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Protecting Yourself Against Credit Card Fraud

Identity theft has hit epidemic proportions. This used to be a random occurrence, but with the rise of internet banking, debit cards, and other electronic cash alternatives, identity theft is a crime that the normal, everyday person has to safeguard against. Like taking vitamins to ward off disease, preventive measures exist to ward of identity theft.

First, you can call your bank and credit card providers and ask that they call you and get verbal confirmation before approving an amount over X amount of dollars. The dollar amount is going to be different for everybody depending on his/her threshold. For example, you could call your bank and tell them that any withdrawal or purchase over $750 needs to be cleared by verbal confirmation. Therefore, if a purchase over $750 is attempted on that credit card, the company will call you on the phone number that you have provided (usually a cell phone) and will ask if you are making a purchase of X amount of dollars. If you say yes, the amount is approved and on you go. However, if somebody else is trying to do this, the purchase will be denied and the thief will be caught.

The effect of this measure is that you account is protecting against “abnormal purchases.” This measure does not prevent you from buying something over your confirmation amount. All this measure does is create an additional layer of protection so that if somebody tries to use your credit cards, they will not be able to make a “big” purchase.

Second, you can sign up for a credit report monitoring company. By doing this you will know if a new account has been opened or if an inquiry has been made on your report. The credit report monitoring company will immediately notify you and ask whether the opening of the account or the inquiry is valid. If it is not, the account will be disputed and the thief will again be unmasked.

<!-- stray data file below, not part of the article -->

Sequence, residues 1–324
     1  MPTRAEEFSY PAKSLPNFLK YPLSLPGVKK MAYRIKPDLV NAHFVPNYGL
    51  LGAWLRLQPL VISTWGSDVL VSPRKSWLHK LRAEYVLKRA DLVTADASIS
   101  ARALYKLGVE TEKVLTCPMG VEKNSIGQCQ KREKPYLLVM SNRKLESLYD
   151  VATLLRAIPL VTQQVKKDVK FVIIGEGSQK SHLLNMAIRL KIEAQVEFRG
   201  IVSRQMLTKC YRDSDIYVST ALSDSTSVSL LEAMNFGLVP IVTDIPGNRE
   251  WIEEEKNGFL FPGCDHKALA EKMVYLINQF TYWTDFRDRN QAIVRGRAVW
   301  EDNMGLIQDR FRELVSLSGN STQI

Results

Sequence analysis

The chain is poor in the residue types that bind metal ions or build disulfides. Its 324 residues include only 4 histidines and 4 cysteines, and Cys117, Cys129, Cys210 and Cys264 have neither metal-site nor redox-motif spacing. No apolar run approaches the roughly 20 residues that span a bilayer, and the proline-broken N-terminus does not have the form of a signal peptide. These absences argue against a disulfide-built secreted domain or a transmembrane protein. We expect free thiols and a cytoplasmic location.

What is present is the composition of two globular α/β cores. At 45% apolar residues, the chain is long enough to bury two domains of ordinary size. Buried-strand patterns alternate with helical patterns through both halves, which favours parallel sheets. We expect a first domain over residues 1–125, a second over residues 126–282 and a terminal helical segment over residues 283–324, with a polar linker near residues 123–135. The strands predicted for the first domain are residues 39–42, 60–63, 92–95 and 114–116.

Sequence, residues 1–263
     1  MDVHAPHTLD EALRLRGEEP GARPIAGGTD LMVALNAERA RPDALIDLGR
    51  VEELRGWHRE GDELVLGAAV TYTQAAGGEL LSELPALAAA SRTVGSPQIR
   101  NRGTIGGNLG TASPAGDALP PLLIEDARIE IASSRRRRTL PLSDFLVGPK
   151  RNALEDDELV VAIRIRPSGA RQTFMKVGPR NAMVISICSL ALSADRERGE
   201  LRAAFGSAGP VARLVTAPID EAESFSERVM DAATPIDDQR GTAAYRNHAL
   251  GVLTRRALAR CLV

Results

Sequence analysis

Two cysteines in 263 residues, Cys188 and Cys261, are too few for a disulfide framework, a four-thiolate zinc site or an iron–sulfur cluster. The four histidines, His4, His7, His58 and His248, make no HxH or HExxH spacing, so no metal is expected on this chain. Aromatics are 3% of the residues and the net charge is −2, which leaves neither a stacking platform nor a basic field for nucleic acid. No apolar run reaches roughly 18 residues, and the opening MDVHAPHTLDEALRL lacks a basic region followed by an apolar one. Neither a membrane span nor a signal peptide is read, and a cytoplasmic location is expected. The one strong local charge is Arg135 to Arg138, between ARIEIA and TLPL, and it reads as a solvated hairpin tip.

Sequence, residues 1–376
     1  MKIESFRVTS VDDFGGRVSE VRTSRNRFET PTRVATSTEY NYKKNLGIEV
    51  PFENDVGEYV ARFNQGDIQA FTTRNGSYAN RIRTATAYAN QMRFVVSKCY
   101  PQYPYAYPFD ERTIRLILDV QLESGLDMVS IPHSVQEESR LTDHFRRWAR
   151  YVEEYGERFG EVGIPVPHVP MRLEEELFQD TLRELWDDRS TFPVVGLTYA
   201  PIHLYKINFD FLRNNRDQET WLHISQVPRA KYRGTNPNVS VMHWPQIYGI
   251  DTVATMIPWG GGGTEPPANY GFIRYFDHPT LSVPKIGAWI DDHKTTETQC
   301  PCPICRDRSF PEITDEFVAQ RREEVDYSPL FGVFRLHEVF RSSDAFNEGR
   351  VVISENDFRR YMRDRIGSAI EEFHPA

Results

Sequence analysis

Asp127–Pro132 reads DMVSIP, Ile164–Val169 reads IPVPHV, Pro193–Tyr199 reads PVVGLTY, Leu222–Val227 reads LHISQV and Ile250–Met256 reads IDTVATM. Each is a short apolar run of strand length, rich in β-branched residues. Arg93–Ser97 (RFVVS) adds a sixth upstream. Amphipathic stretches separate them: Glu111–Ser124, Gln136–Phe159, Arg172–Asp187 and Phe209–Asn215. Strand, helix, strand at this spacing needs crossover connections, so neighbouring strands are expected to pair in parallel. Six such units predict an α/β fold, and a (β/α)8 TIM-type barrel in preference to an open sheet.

Third, do business with a bank that will guarantee to replace all stolen funds within a short period (24 – 120 hours). This way, damage to your account is minimized. If you check your account balance everyday, this measure will be extremely effective because you will immediately know whether a fraudulent purchase or withdrawal has been and where it was made.

Last, be careful and avoid things you do not know. For example, I have seen letters from identity thieves that were sent via US mail. The letter usually purports to be from a large bank and asks you for your account number, social security number, or some other private account information that is necessary to steal your identity. These letters will provide a phone number to call in case you have any questions. If you randomly get a letter or e-mail like this, NEVER call the number provided. Open up the phone book or call information and get the bank’s number. Call that number and see if the bank really sent out such a letter. NEVER reply to these kinds of letters through the mail. Think about the situation; why would your bank want this kind of information? The bank provides you with an account number, so why would they need to “verify” it through the mail? Additionally, why do they need you full name and address; didn’t they just send you a letter?

Protect yourself and protect your assets using these safety measures.

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